By the very nature of placebo-controlled clinical trial design, new evidence supporting novel treatment approaches provides evidence that is additive. Hence, these studies inform clinicians about the treatments that should be prescribed but rarely inform us of which therapies may be omitted. While the recent increase in non-inferiority studies provides some information regarding the choices between drugs, studies weighing the incremental value of well-established therapies in the modern era of ACS treatment are lacking.13 For example, clinical evidence supporting the long-term use of β-blockade among patients with ACS predates the current era where a relatively high rate of coronary angiography and revascularisation is practised.14 Hence, the incremental value of this guideline recommendation in the current context is unclear and is unlikely to be addressed in future randomised clinical trials.15

Consequently, within a nested case–control design, the impact of several therapeutic options can be weighted in the context of current clinical practise. With this analysis, estimates of the survival advantage with coronary revascularisation are greater than those observed in the clinical trials.16–19 This may be because patients enrolled in randomised trials may not be representative of individuals presenting in clinical practise.20 Our data are consistent with but extend beyond studies that support an early invasive approach to the management of ACS, although unmeasured biases cannot be excluded. These observations suggest that invasive management resulting in revascularisation does provide a reduction in mortality, reinforcing the clinical trial data that have relied upon composite ischaemic end points and that have at times been inconsistent. The benefits associated with pharmacotherapeutic drugs such as statins and clopidogrel are also consistent with key clinical trials.21–24 In contrast, the relationship with fibrinolysis is more modest than that observed in clinical trials and may be accounted for by PCI occurring both as reperfusion and revascularisation being included in the model. When the analysis was restricted to the patients not receiving any form of PCI, a benefit comparable with effects seen in clinical trials is evident. The modest benefits observed with the use of aspirin were less striking than expected and are likely explained by the high rate of use and, therefore, a low capacity to detect a difference associated with this therapy. Of course, all of these relative effects will be influenced by the adoption of new therapies into current practise.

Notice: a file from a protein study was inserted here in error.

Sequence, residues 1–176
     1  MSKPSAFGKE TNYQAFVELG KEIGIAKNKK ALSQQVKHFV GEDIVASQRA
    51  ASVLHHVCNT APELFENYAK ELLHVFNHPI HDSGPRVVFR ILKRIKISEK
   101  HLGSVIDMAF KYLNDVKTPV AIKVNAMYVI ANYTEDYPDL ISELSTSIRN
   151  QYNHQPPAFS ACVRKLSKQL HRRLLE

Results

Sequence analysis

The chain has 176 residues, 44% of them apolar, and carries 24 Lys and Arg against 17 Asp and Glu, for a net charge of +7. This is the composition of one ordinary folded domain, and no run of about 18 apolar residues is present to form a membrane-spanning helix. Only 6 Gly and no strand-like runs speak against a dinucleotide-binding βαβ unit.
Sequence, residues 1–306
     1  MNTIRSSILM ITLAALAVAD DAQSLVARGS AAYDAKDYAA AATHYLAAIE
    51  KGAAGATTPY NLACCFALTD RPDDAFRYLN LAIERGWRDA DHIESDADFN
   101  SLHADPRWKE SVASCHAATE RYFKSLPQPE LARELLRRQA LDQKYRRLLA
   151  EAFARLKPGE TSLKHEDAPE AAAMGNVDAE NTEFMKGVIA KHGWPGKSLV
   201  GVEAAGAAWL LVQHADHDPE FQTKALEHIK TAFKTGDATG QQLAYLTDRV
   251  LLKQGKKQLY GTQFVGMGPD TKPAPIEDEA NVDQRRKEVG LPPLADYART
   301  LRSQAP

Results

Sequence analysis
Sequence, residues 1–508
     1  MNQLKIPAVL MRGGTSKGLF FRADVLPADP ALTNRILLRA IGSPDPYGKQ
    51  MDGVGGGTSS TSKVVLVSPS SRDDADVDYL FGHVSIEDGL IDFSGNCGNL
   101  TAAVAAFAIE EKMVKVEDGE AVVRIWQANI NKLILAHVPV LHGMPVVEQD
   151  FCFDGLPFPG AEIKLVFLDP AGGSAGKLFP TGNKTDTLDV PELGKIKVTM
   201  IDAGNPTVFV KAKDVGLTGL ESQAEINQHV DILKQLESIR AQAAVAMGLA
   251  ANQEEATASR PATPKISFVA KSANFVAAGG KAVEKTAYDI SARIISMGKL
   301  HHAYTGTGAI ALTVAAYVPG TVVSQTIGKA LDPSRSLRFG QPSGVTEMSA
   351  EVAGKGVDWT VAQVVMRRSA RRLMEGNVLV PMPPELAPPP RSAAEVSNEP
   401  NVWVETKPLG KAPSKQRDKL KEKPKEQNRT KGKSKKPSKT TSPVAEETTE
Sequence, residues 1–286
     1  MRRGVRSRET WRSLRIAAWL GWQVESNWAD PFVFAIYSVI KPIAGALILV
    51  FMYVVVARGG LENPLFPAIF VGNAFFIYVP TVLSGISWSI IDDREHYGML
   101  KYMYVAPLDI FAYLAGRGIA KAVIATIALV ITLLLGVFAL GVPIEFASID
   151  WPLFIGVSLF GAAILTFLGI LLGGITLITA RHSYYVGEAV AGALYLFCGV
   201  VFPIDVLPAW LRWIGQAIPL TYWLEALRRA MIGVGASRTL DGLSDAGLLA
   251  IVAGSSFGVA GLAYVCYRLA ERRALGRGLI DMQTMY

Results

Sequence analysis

At a clinical level, being able to independently value these therapies may provide the rationale for choosing between treatments when a choice must be made, either for reasons of cost or compliance. Among pharmacotherapies, statins and clopidogrel seem to impart the greatest additional benefit in this analysis. These drugs should, therefore, be the focus of efforts to improve compliance. Conversely, these data are reassuring when considering stopping β-blockade among patients who are poorly compliant or face significant adverse effects. Consequently, such an analysis may further the interpretation of performance measures in ACS care, which currently tend to weigh these measures either equally or cumulatively.7 25 However, such analyses cannot displace clinical judgement when considering any individual patient. Rather, they reflect potential gains at a population or average patient level.

At a policy level, these data help inform quality improvement priorities. Coronary revascularisation is associated with the greatest survival benefit, in part related to its incomplete application. Hence, limitations in the conduct of revascularisation represent the largest missed opportunity for preventing deaths by 6 months among patients with an ACS.26 However, these data are in contrast to evidence suggesting a lack of mortality benefit associated with access to hospital with onsite invasive services.27 This difference likely reflects the focus on provision of rather than the opportunity for revascularisation between these two studies. These observations lend themselves to the development of institutional performance indicators that reflect the rate of coronary angiography and revascularisation provision and inform the design of healthcare systems and referral patterns that support early access to invasive investigation and management.